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Sixth Form FAQ's

Please find below a list of our most frequently asked questions. If you can not find an answer to your question, please email Sixthform@trinitysevenoaks.com

Q. Can I apply after the deadline?
A. Yes – we put a deadline so that we can plan what groups are viable and how the blocks/subjects will go together.  After this point we make subject BLOCKS according the choices made by applicants so late changes of mind may have to fit in with the subject blocks.

Q. What is a subject BLOCK?
A. A group of subjects that happen at the same time on the timetable, therefore allowing a student to only pick 1 subject from that block of subjects.  This is done after we know the subject choices so we maximise the student choice.  We know that certain subjects work well together so we don’t put those together (i.e. sciences happen in different blocks).  If there are clashes we will always talk the student through options before finalising.

Q. What are the best combination of subjects to do if I want to go into medicine?
A.
As a guide, Chemistry is usually a must followed Biology or Physics.  Having said this, you must check the University website admissions page for particular courses and the specific A Levels they want you to have.  They will also expect high grades at GCSE Science (7 to 9) along with English and Maths at 6 and above.   As I said, check the University website pages for the exact requirement for that degree.

Q. When is the offer of a place made?
A. At the start of the Spring term we look through the applications and contact all students to give them an interview to discuss their choices (this happens throughout January).  We then confirm they are happy with their subjects and are realistic about achieving the grades to access them.  Once this has happened we will make a conditional offer based on the student achieving the grades to get on the courses, this will be towards the end of January, early February.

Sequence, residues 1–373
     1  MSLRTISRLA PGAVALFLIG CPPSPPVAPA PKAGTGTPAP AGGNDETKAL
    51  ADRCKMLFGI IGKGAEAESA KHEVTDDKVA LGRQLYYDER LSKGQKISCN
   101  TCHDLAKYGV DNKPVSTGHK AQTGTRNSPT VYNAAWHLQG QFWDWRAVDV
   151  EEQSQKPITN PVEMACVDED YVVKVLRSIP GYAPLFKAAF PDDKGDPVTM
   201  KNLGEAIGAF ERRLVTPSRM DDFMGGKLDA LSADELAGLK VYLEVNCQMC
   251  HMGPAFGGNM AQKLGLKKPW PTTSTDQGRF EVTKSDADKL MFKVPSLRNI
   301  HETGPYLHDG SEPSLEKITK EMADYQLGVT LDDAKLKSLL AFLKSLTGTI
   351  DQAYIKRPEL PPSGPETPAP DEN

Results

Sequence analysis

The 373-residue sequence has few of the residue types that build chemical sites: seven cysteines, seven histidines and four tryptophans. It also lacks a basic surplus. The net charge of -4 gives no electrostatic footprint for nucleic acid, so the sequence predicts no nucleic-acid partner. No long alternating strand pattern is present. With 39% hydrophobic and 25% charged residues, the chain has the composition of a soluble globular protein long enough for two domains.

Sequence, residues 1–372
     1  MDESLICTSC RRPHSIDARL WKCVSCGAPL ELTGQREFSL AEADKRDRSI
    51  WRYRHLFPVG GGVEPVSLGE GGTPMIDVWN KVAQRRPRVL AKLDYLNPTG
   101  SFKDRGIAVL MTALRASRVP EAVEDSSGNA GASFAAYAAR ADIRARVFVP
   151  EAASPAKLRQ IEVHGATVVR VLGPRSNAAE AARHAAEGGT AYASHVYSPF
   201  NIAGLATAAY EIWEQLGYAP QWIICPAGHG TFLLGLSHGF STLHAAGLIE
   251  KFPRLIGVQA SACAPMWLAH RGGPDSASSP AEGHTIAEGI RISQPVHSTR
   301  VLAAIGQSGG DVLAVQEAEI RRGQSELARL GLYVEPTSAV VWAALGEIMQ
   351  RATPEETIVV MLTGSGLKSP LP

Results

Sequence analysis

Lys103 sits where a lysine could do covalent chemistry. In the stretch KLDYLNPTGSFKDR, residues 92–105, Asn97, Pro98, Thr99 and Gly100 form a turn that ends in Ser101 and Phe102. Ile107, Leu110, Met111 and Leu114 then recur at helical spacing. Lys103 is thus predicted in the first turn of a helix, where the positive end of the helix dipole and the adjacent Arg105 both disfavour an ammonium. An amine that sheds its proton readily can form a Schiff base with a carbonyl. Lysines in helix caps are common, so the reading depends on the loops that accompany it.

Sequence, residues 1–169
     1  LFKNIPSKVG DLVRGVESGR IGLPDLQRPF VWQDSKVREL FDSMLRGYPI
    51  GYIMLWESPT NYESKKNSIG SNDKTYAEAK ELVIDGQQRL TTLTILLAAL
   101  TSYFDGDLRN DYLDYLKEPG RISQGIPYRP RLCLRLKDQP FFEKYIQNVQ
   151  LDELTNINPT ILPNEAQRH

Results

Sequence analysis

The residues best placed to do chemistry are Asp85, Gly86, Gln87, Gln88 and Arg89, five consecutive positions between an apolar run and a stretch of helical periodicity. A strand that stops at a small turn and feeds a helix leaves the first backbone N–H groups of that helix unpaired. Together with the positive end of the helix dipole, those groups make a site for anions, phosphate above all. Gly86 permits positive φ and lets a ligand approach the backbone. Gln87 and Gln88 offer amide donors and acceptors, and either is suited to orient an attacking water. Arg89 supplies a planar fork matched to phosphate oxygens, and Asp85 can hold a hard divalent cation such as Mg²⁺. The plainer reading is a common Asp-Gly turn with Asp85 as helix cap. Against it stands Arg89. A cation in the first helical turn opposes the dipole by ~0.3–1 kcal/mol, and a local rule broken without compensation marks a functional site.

Q. How much time does the EPQ take up?
A. There are 30 hours equivalent of taught skills for EPQ delivered via a combination of university lectures and lessons on research skills.  It is expected that students will also complete a further 90 hours of independent study, for which all of Year 12 have timetabled hours. When students have EPQ on their timetable, they are expected to work on their research projects. Dr Barford (EPQ supervisor) is available to troubleshoot during these sessions and give individual guidance to students should they need. The expectation is that it will be finished by the end of Y12.  It’s worth half an A Level (28 UCAS points) so that should give you a rough guide as to how much time to allocate (3 hours a week from the start of Y12 should see the project completed in good time).  Clearly the choice of topic is key as if it is something that the student has a passion/interest for then it will often take less time so choice of topic is crucial.

Q. Art, Craft and Design, how does it differ from fine art?
A. In Art, Craft and Design you can explore any discipline i.e. 3D, graphics, fine art, etc.

Q. There is no Music on Kent Choices - how do you apply for it?
A. This is now on Kent Choices and can be applied for.

Q. What Leadership Opportunities are there?

A. As well as the formal Prefect Team including Head Girl & Boy, Deputy Head Girl & Boy and Prefects, there are other opportunities to mentor younger years and teach classes in an area that you maybe specialise in (Languages, sport, Drama, dance, etc.).  As well as this, the co-curricular programme and House system give further opportunities to lead areas outside of the curriculum and maybe even run your own club for younger year groups.

 

Q. What level of support is there by tutors and teachers at A Level